FEARS FOR PEOPLE IN FIJI's CYCLONE PATH.....this is looking really nasty!!!!
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12/07/2007 10:12 AM
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CNN) -- Powerful Tropical Cyclone Daman closed in on Fiji on Friday, threatening the Pacific island chain with home-destroying winds and dangerous floods.
Workers at Bega Lagoon Resort in Fiji prepare for Tropical Cyclone Daman on Friday.
"It's most likely going to be one of the severest cyclones to hit the country in recent times," Fiji Disaster Management Office director Joeli Rokovabe told The Associated Press. Tourist resorts were at risk as well, he added.
About 90,000 people live in the three island groups where the storm will pass, many of them living on subsistence-level fishing and farming.
A Category 4 storm, Daman has triggered a hurricane warning for some of Fiji's larger islands, including Cikobia and northeastern Vanua Levu. Daman's eye is expected to brush Vanua Levu, which is Fiji's second largest island, said meteorologist Alipate Waqaicelua.
Vanua Levu residents and those on the Lau and Lomaiviti island groups have been warned to move from coastal areas to cyclone shelters and other safe buildings, said Rokovabe, according to The Associated Press.
The storm is predicted to bring "winds of very destructive hurricane force" within 30 miles (48 kilometers) of its center, according to the Fiji Meteorological Service.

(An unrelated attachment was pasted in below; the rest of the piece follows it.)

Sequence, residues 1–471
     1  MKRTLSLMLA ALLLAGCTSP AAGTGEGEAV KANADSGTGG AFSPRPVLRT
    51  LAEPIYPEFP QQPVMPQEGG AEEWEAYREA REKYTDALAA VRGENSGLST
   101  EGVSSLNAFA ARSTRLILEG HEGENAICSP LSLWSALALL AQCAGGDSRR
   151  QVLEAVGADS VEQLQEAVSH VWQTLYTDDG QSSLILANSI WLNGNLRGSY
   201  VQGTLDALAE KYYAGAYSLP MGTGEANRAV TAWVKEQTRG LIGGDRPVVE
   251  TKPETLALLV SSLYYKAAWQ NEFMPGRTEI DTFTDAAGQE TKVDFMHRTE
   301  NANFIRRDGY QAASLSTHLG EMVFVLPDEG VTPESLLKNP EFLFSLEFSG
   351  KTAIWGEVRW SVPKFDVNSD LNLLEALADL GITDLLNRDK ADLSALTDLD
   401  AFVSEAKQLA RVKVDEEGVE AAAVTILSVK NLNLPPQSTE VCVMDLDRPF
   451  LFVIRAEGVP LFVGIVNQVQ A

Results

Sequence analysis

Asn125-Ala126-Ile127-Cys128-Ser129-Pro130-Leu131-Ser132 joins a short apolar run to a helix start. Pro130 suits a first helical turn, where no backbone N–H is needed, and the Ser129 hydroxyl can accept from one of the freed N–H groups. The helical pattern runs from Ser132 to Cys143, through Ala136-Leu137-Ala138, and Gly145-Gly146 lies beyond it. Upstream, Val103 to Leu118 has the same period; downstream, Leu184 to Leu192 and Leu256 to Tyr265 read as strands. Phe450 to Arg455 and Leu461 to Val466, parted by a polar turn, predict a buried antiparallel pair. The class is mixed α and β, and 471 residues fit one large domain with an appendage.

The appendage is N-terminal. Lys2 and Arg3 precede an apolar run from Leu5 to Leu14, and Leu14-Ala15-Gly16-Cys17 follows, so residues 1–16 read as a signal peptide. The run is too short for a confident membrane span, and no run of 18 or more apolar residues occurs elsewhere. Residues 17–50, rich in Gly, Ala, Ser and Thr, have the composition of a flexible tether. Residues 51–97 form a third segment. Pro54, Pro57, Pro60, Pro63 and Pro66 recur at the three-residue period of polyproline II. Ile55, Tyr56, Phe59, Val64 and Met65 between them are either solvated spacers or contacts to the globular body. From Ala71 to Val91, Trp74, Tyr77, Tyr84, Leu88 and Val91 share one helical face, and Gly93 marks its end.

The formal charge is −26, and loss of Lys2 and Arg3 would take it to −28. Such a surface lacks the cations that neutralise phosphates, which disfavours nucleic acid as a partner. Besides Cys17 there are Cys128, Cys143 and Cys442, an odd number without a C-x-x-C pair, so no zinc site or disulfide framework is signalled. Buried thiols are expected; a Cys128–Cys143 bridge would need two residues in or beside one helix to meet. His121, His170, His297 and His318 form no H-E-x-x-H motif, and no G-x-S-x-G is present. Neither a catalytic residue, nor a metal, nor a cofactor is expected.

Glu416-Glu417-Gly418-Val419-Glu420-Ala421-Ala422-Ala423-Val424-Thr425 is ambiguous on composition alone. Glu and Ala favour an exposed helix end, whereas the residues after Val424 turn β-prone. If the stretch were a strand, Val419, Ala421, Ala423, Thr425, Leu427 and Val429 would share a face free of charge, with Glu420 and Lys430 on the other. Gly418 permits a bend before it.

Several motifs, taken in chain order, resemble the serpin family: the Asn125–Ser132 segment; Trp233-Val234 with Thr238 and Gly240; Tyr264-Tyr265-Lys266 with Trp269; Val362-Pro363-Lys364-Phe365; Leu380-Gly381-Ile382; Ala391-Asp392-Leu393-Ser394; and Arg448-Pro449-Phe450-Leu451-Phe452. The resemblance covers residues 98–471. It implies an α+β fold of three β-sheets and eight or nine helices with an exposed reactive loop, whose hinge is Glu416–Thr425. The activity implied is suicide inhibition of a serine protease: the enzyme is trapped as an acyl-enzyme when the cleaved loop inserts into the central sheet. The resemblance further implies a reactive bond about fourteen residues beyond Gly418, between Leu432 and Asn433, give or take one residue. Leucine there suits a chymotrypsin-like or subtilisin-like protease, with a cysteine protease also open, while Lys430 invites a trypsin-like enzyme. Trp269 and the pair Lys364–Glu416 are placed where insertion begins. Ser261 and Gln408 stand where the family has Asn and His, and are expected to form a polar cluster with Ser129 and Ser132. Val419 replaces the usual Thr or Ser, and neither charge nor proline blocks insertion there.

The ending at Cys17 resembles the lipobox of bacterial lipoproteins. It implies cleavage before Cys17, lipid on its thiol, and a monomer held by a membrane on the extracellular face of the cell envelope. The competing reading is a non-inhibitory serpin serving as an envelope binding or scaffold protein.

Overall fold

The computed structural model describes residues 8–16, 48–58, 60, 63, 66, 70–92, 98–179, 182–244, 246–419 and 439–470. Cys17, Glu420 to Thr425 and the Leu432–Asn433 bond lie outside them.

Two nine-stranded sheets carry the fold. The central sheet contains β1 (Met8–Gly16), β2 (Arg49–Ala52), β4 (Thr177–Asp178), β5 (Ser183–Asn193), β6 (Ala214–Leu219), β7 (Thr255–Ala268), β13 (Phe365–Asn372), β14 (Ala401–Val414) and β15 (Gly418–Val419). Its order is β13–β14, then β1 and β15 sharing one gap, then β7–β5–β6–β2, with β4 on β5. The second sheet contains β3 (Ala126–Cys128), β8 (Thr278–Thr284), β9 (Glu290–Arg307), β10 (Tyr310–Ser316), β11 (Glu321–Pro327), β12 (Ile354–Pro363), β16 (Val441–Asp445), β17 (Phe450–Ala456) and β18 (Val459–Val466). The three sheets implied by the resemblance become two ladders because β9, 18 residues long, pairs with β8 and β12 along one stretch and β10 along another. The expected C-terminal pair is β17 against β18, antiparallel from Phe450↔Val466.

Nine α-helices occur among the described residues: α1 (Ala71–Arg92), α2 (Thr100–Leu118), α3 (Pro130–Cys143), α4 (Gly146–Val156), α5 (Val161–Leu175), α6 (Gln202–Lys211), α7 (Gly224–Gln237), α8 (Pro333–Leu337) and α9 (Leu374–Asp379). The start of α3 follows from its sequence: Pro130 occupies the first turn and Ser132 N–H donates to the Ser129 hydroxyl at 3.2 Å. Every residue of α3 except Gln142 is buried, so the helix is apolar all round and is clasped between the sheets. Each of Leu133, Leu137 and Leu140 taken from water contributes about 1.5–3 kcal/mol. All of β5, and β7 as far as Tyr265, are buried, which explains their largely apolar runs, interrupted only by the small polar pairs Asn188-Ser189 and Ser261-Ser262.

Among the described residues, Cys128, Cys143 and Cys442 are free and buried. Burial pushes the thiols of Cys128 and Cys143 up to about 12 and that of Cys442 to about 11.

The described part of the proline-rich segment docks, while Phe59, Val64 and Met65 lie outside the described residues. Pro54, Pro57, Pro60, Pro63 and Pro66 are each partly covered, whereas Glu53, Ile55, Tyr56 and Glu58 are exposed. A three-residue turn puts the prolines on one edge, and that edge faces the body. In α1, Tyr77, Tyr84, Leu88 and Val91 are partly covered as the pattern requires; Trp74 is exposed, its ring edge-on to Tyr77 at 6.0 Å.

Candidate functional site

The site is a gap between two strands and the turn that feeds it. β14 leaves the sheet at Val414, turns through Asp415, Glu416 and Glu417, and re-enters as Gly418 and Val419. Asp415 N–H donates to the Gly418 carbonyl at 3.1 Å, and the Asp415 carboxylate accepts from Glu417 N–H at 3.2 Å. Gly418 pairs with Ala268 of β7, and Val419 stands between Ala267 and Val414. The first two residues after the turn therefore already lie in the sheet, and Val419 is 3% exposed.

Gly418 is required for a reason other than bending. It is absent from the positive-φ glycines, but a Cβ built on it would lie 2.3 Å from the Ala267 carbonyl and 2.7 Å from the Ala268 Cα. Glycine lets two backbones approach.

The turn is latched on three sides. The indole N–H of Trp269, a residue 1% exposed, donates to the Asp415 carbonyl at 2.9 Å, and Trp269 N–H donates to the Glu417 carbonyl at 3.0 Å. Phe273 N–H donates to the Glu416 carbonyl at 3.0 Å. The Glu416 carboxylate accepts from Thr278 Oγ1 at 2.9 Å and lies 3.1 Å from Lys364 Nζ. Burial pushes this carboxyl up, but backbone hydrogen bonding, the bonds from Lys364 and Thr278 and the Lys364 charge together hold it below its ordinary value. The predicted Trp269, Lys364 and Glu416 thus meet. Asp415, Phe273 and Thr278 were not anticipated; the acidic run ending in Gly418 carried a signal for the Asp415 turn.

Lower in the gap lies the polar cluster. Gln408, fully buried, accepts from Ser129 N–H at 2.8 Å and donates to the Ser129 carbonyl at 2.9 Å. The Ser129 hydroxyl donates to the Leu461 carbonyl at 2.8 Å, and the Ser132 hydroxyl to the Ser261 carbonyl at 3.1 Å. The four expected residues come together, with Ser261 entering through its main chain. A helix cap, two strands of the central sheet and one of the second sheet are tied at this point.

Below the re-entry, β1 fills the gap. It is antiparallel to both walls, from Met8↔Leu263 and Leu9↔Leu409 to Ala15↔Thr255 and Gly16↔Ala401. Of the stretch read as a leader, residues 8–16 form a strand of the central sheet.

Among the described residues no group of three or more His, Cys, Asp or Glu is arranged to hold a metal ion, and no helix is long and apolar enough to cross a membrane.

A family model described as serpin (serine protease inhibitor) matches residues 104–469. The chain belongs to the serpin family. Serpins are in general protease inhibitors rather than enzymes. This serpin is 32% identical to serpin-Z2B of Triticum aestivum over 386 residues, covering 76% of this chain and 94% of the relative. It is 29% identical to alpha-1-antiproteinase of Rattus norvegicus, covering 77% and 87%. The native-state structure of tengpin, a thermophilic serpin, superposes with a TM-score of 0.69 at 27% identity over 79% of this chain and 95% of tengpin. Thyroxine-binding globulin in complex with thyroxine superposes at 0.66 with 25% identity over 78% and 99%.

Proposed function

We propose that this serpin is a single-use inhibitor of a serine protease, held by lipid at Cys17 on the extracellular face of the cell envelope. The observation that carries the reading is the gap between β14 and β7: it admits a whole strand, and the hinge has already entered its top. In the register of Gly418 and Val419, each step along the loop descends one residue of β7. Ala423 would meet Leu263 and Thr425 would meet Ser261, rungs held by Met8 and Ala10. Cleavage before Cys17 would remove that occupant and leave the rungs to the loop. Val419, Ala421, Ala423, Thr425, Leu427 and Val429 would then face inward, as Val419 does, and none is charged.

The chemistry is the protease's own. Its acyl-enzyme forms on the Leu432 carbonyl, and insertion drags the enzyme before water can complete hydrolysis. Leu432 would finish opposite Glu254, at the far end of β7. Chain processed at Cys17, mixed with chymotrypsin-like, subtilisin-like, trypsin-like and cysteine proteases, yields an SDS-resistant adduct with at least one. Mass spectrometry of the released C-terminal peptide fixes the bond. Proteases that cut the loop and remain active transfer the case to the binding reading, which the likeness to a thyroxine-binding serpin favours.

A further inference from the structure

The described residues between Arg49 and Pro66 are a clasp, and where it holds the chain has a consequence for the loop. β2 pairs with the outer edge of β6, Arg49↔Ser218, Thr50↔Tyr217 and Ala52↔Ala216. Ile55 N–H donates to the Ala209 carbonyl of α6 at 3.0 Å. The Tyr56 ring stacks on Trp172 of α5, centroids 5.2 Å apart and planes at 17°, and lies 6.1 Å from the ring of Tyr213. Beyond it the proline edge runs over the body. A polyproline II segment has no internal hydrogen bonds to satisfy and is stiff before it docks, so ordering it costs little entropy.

The island's Nadi Meteorological Center warned that the storm will "cause major flooding" and "pretty serious damage" to islanders' flimsy housing.
Estimated average winds speeds near Daman's center are up to 112 mph (180 kmh) gusting to 161 mph (260 kmh), according to the Fiji Meteorological Service.
"Expect heavy rain and squally thunderstorms, especially over the eastern half of the country," said the service's Web site, which also warned of flash flooding in low-lying areas, rivers and streams.
Daman is moving east at about 9 mph (15 kmh), and is expected to curve to the southeast, the service Web site said.
A Category 4 storm can cause extensive damage to small structures and push seawater up to 6 miles (10 kilometers) inland.
Fiji's northern islands were expected to take the brunt of the storm in the overnight hours, with lesser damage anticipated in the south.
The chain has been hit by 13 tropical cyclones in the past ten years, AP reported. Among the worst was 2003's lower-intensity Cyclone Ami, which killed 17 people when it slammed Vanua Levu, according to AP.
In 1973, 70 people died when Cyclone Lottie sank two ships off the western part of the island chain, AP reported.